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April 29, 2015

New treatment options for women with hair loss

Some 30 million women in the United States have hereditary hair loss

An estimated 30 million women in America suffer from hereditary hair loss, according to the American Academy of Dermatology.

Fewer females experience the condition – 50 million men have it – but the negative impact on women tends to be greater. 

Studies have shown hair loss among women results in more extreme emotional and psychological issues, including lower self-esteem, stress and anxiety, which can also cause hair loss.

At the same time, there are fewer medical solutions for women than men for treating hair loss.


The New York Times recently featured a new treatment for women with hair loss that is being reported as a groundbreaking success. 

The $1,400 hour-long treatment is called platelet rich plasma (P.R.P.) and is said to work by stimulating dormant hair follicles, the Times reported.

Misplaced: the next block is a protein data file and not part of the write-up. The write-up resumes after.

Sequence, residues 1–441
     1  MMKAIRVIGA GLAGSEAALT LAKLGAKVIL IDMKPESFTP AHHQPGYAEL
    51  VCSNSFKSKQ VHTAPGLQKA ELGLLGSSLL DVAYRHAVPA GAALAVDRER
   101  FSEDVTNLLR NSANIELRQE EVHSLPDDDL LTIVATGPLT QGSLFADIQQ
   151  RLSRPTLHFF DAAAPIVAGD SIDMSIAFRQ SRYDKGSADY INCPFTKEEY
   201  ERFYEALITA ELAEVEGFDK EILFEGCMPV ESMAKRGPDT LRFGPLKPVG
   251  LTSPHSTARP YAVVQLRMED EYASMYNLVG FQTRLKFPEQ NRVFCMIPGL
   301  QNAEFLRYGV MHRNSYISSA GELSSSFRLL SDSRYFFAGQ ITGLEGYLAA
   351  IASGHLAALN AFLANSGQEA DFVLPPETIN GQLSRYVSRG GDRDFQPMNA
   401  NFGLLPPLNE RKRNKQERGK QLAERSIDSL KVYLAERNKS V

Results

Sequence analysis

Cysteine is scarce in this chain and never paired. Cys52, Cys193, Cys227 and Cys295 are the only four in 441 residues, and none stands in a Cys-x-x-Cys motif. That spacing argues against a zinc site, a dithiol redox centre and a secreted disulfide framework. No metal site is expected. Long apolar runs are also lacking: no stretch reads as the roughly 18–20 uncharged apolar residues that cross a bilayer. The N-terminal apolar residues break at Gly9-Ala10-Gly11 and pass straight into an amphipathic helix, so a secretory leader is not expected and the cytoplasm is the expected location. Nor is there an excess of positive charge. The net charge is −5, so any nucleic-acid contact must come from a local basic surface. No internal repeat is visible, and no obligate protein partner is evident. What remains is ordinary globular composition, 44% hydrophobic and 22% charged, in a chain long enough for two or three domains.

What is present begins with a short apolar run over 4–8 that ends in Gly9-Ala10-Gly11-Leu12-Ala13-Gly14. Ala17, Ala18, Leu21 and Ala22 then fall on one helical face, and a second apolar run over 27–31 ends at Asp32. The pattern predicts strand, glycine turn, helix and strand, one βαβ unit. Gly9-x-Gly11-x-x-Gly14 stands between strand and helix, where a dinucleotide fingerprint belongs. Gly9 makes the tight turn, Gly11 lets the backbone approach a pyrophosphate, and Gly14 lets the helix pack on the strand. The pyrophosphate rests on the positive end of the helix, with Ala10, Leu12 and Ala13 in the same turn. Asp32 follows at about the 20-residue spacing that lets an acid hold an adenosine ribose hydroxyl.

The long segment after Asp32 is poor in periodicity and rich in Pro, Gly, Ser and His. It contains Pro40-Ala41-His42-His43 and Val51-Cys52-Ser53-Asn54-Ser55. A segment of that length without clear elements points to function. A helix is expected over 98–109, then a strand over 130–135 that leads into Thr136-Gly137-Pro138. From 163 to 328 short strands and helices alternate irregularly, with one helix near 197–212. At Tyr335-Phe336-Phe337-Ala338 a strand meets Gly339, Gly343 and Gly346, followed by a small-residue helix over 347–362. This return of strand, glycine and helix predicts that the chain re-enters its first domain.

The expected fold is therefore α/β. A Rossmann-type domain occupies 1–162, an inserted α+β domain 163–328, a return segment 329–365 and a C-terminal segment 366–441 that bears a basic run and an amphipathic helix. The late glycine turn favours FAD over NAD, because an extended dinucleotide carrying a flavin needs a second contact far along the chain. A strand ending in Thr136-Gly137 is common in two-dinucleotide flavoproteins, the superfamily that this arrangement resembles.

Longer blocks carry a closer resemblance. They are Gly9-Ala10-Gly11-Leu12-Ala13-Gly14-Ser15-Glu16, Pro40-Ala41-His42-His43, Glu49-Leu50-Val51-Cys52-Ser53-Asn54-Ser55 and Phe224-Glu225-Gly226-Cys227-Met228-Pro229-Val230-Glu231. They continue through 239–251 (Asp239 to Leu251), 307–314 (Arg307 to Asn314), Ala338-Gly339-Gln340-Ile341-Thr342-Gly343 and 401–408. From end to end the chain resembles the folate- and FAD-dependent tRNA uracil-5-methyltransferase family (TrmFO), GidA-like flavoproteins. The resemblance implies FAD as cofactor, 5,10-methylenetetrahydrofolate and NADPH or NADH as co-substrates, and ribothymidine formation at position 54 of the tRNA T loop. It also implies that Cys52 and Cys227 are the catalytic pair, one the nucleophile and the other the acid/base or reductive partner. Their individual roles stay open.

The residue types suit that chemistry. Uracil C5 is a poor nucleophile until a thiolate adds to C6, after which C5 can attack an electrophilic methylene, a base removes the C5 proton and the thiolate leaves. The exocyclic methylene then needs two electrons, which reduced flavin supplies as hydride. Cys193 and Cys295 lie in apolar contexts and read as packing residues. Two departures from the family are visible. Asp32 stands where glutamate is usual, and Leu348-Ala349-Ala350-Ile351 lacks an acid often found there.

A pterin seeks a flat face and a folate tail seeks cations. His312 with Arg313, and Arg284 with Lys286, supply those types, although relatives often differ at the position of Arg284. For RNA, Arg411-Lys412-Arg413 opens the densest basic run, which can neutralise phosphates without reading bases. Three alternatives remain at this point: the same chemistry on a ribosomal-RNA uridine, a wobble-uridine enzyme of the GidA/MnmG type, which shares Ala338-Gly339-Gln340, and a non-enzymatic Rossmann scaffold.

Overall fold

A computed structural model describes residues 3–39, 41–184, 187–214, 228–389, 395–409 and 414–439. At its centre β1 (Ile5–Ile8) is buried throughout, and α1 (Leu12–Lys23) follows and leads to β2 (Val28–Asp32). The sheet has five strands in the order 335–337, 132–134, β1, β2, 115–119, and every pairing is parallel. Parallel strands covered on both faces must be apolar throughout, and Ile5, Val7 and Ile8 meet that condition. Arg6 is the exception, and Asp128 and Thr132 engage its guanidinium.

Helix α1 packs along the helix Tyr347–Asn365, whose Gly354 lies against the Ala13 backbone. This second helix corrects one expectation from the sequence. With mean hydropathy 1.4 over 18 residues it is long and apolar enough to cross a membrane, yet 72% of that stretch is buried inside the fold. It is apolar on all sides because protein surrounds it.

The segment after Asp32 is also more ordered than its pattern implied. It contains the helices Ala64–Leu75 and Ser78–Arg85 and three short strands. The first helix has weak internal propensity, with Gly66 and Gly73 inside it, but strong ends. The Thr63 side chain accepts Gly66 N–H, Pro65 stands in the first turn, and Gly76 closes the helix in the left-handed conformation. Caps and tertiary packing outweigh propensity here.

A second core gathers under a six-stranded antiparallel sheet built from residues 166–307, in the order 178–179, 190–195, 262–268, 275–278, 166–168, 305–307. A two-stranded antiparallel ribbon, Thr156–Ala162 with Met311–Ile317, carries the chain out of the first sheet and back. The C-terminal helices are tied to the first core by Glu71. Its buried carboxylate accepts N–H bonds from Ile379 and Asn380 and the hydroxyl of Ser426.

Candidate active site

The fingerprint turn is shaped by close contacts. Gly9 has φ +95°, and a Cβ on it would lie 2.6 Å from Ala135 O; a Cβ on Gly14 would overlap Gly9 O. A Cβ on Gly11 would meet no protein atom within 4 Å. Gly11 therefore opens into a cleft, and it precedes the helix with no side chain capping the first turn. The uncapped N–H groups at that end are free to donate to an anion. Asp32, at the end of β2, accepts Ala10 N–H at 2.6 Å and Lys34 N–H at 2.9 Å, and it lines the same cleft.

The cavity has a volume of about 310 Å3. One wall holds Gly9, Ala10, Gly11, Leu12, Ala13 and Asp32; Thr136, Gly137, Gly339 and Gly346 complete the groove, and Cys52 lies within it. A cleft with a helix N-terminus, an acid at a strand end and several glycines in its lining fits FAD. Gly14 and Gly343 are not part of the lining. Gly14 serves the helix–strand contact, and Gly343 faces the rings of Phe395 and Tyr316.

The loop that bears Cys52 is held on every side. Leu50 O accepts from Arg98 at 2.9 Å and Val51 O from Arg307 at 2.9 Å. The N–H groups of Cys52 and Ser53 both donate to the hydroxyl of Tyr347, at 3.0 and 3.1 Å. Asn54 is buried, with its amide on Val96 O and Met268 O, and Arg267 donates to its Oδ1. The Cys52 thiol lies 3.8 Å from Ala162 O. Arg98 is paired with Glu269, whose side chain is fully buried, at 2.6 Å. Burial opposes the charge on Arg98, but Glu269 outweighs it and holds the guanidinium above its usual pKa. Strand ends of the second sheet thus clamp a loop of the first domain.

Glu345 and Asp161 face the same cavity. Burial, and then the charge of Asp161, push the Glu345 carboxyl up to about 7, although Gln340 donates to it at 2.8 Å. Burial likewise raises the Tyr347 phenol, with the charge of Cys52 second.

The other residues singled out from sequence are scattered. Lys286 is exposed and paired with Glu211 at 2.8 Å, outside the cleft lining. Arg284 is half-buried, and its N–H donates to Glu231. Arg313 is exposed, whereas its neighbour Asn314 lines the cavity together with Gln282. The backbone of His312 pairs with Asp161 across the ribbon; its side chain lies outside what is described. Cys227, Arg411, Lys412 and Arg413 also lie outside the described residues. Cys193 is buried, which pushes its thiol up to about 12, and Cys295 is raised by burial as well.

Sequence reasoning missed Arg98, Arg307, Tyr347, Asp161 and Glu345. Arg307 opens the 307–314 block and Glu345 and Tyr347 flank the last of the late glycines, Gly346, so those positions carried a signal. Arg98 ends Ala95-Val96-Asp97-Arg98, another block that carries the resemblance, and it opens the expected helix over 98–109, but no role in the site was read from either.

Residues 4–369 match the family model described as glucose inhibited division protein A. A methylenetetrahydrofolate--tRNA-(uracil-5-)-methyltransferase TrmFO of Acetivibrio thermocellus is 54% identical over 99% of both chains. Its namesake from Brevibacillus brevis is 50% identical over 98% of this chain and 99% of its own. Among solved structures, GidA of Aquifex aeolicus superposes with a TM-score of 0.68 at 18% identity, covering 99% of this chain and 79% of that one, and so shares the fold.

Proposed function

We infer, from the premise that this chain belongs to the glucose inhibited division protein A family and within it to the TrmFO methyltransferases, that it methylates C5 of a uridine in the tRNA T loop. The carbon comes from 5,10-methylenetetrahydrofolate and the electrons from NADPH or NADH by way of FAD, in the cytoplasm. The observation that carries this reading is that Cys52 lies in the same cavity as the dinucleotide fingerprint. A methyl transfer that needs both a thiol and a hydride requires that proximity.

Studies have shown hair loss among women, compared to men, results in more extreme emotional and psychological issues, including lower self-esteem, stress and anxiety, which can also cause hair loss.
"The procedure involves drawing blood, spinning it in a centrifuge to extract the plasma, adding various nutrients (like more protein), then injecting the resulting mixture in one-inch intervals in a grid on the top of the scalp, which has been numbed with a local anesthetic."

New hair growth usually takes at least four months, with follow-up treatments every six months.

The nonsurgical procedure doesn’t require downtime and has minimal side effects, the Times reports, though it is not covered by insurance.

Similarly, in November, Rogaine introduced a new 5 percent minoxidil formulation for women - a first for the brand. It’s a mousse, instead of a liquid, which may drip to unwanted areas, like the face.

Last year, Pantene also introduced a hair regrowth treatment for women that is 2 percent minoxidil.

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